TAR HEEL EDITORS SPEAK OUT
For the federal Department of Veterans Affairs, the recent outbreak of quiet has been a reassuring thing. The agency has been wracked with drama and operating problems for too many years, conditions that got in the way of the mission of the second-largest federal bureaucracy: taking care of the health and other needs of this nation’s veterans of military service.
While there is doubtless plenty of politics playing out behind the scenes, the hallmark so far of the VA under Secretary Robert Wilkie has been a sense of greater calm than we’ve seen in a while. Wilkie, a Fayetteville native, son of a combat-wounded soldier, a veteran himself and a savvy political operative who also has served in high-level Pentagon posts, seemed tailor-made for the VA when the agency needed a steady hand.
It was clear during the Senate hearings on his nomination that there was intense political pressure to right a foundering department. As Sen. Johnny Isakson, a Georgia Republican, told Wilkie at the hearing, “Mr. Wilkie, there are no excuses anymore. Failure is not an option.” Wilkie agreed.
While the VA has made steady progress in improving care given at its hospitals and other health-care facilities, it ran into a host of problems when it created the Veterans Choice Program, which was meant to improve access but has had serious shortcomings. Choice allows veterans to seek health care from private providers, acting much like a private insurance program. But the program was hastily conceived and put into place, using private contractors to administer it. The program quickly ran into serious payment backlogs, and many providers dropped out.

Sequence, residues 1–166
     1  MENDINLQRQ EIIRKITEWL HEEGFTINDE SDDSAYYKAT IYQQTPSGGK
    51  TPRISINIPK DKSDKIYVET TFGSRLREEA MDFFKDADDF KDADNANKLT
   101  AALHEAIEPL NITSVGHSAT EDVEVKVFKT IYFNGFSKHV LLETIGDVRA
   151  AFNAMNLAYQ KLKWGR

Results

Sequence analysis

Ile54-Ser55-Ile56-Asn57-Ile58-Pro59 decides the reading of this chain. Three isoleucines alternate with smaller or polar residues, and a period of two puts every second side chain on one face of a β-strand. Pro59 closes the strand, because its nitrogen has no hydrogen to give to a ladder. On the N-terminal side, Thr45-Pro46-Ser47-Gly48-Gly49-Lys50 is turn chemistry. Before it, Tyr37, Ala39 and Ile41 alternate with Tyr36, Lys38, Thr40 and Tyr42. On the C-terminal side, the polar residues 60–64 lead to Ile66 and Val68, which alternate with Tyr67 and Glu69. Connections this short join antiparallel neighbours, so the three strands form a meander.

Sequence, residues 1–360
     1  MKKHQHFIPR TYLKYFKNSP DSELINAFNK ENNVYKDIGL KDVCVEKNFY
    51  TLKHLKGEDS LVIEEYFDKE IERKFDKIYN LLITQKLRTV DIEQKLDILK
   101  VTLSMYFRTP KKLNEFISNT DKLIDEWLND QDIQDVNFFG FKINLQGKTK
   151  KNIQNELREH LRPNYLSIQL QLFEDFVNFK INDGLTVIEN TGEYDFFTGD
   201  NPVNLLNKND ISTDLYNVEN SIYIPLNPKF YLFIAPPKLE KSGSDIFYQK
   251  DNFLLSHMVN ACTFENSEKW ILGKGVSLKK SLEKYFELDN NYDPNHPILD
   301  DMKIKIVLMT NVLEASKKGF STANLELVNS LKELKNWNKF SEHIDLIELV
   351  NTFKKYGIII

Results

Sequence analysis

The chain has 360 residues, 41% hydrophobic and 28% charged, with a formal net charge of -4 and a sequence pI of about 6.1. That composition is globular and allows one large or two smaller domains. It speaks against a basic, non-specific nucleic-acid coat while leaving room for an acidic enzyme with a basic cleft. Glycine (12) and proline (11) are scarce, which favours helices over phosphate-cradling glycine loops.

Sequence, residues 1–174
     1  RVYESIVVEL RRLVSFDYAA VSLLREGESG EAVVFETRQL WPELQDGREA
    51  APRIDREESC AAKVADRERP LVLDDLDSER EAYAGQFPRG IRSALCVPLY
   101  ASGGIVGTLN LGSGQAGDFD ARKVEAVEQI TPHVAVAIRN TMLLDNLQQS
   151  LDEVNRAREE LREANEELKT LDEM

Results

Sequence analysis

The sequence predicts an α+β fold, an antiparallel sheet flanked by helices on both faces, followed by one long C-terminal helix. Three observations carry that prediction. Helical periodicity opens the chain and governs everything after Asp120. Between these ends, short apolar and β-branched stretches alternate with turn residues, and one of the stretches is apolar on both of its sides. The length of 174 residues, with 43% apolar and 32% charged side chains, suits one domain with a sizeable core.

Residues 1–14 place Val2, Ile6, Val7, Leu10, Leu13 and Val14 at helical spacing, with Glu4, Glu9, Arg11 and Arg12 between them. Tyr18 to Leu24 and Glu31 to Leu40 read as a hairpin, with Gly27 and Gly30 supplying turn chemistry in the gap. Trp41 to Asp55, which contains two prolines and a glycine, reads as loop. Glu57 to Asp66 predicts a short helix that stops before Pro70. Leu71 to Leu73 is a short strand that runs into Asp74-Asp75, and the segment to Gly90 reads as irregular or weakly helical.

A new analysis of Choice by the news organizations ProPublica and PolitiFact shows that in Choice’s four years, wait times have grown even longer than they were in the VA system — failing at precisely the problem Choice was created to solve. The cost of the health care was also higher than in the VA network, a greater expense, ultimately, for the taxpayers. The system also made frequent errors.
But significant reforms in the program arrived last June when President Trump signed the Mission Act, which was designed to eliminate many of the problems in Choice and other VA programs. It also eases another longstanding issue by improving reimbursements for in-home caregivers.
Wilkie says he sees Choice as the route to developing a better network of specialty care for veterans. But he’s adamant that this isn’t a step toward the ultimate privatization of the VA — one of the big, unsettling political battles that has shaken the VA in recent years. He believes most veterans prefer getting care from the VA and doubts that no more than 35 percent of patients will choose outside care.
The ProPublica and PolitiFact report notes that the contractor responsible for most of the problems with the Choice program is still running much of it, and that new providers still haven’t been signed to contracts. It will be at least a year before the new operators will be up to speed, so many of the old problems may continue to plague the system.
A system that size, of course, can’t be quickly or easily changed. But since last year, it appears that the VA is making progress. That’s an encouraging change.